Extended Data Figure 5 Imaging flow cytometry analysis.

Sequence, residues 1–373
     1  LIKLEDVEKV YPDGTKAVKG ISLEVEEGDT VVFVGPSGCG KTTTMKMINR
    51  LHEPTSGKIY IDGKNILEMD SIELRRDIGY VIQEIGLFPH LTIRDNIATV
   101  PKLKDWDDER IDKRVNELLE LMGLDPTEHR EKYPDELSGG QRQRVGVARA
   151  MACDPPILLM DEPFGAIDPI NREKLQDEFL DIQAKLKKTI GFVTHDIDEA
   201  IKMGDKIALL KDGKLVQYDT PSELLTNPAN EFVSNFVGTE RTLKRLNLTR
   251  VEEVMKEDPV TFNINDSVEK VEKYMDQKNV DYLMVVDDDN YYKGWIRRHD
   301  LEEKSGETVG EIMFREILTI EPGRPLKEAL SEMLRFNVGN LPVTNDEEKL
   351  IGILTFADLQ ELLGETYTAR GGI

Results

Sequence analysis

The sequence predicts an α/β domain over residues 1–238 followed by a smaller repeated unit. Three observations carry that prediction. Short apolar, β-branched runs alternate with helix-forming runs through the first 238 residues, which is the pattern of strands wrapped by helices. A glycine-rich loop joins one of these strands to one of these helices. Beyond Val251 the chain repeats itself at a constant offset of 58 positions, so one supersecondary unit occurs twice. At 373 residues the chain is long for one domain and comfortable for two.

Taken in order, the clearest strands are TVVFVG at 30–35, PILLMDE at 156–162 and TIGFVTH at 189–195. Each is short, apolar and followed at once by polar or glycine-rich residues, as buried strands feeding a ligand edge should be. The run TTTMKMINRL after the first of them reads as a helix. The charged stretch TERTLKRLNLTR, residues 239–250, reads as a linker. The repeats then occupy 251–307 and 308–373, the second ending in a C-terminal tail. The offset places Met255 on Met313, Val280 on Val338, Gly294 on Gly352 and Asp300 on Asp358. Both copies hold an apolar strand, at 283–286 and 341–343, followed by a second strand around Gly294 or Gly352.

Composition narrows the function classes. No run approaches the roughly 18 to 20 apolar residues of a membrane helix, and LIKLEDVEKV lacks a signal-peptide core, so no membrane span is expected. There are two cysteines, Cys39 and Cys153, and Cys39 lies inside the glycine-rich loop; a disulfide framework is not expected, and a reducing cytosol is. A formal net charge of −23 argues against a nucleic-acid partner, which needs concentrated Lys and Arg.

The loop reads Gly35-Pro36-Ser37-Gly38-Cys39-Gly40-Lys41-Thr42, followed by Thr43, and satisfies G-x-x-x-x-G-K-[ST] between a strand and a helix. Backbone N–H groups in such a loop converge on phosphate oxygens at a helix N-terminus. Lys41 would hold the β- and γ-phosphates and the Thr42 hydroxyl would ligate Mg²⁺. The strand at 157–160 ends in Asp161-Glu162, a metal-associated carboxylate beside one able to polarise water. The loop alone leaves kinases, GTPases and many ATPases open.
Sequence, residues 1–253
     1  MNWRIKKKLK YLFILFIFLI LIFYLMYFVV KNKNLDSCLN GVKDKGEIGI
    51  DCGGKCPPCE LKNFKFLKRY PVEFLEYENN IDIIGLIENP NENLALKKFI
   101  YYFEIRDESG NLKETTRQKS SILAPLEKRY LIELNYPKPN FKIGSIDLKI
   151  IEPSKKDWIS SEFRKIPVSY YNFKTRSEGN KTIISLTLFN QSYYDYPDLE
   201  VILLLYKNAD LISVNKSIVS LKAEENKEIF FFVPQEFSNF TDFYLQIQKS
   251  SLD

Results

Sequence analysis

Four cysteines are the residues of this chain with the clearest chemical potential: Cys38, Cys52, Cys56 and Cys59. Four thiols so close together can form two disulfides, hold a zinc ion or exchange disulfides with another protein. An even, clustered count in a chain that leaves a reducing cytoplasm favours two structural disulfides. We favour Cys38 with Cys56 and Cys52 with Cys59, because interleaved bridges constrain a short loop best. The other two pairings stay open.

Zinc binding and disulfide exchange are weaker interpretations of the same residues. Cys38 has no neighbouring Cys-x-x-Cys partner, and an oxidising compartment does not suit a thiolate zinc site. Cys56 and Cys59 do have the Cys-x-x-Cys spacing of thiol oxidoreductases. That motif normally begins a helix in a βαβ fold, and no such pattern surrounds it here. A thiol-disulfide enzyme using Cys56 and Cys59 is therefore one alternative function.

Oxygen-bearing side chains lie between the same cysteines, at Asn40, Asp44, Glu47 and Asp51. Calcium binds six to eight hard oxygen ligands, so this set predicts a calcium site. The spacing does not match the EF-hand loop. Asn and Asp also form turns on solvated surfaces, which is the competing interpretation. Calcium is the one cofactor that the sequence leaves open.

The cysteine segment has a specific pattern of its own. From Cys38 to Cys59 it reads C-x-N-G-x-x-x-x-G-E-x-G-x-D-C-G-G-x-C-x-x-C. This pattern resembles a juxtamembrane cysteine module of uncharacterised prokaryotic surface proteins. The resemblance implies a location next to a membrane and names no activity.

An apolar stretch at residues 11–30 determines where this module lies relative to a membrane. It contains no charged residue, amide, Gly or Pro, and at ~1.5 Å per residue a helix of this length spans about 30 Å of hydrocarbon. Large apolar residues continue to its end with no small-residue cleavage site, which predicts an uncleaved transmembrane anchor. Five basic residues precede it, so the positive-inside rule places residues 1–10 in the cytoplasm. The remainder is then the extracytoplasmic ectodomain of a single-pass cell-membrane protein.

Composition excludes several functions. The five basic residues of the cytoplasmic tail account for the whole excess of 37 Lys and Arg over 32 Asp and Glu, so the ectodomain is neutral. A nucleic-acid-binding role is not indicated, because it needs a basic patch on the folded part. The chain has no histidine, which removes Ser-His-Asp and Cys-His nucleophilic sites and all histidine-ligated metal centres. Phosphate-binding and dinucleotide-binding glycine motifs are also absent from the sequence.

Shown is the gating strategy that was used to analyse imaging flow cytometry data, with the percentage of gated events, and number of gated events in parentheses, shown in each case. This example illustrates the gating of the T = 40 min. sample shown in Fig. 2, with CMFDA-labelled amoebae, DiD-labelled human Jurkat cells, and live/dead violet-labelled dead cells; 10,000 events were collected. 1, In-focus events were gated using a gradient of Brightfield. 2, Events gated in 1 were refined to remove events with more than one cell or group of cells not in contact, that is, cases where multiple independent events were captured in flow in the same image. 3, Events gated in 2 were gated according to the intensity and aspect ratio of the CMFDA labelled amoebae. These parameters divided the events into ‘human cells not attached to amoebae’, ‘amoebae,’ and clusters with more than one amoeba. Clusters with more than one amoeba were typically less than 2% of gated events, and were omitted from subsequent analyses due to the difficulty in obtaining independent measurements (that is, the extent of human cell internalization) on each individual amoeba present in a cluster. 4, Events gated in 3 as ‘amoebae’ were further examined to determine if human cells were present; events gated as ‘amoebae with human cells’ contained human cells. 5, Human cell positive events gated in 4 were further examined to determine if the human cells were internalized by using the internalization score feature to quantify the overlap between the DiD image and a mask based on the CMFDA image. An internalization score of 1 was used as the cutoff to gate ‘internalized human cells.’ 6, ‘Internalized human cells’ from 5 were further examined to determine if the DiD label was intact or fragmented, by measuring the bright detail and maximum pixel intensity of the DiD image. Events were gated as ‘High,’ ‘Mid,’ or ‘Low’ according to the extent of fragmentation. 3a, To assess the viability of human cells in events not containing amoebae, ‘human cells not attached to amoebae’ gated in 3 were further examined to measure the intensity of live/dead violet staining and granularity (SSC, side scatter). Dead cells were gated as indicated, to define ‘dead human cells not attached to amoebae.’ 4a, To assess the viability of human cells in events containing amoebae, ‘amoebae with human cells’ gated in 4 were further examined. Dead amoebae were first excluded by measuring the overlap between the live/dead violet image and a mask based on the CMFDA image. ‘Live amoebae’ were gated as indicated. 4b, Events gated in 4a that contained human cells and live amoebae (‘live amoebae’) were further examined to identify dead human cells by measuring the intensity of live/dead violet staining and granularity (SSC). Dead human cells were gated as indicated, to define ‘dead human cells attached to amoebae.’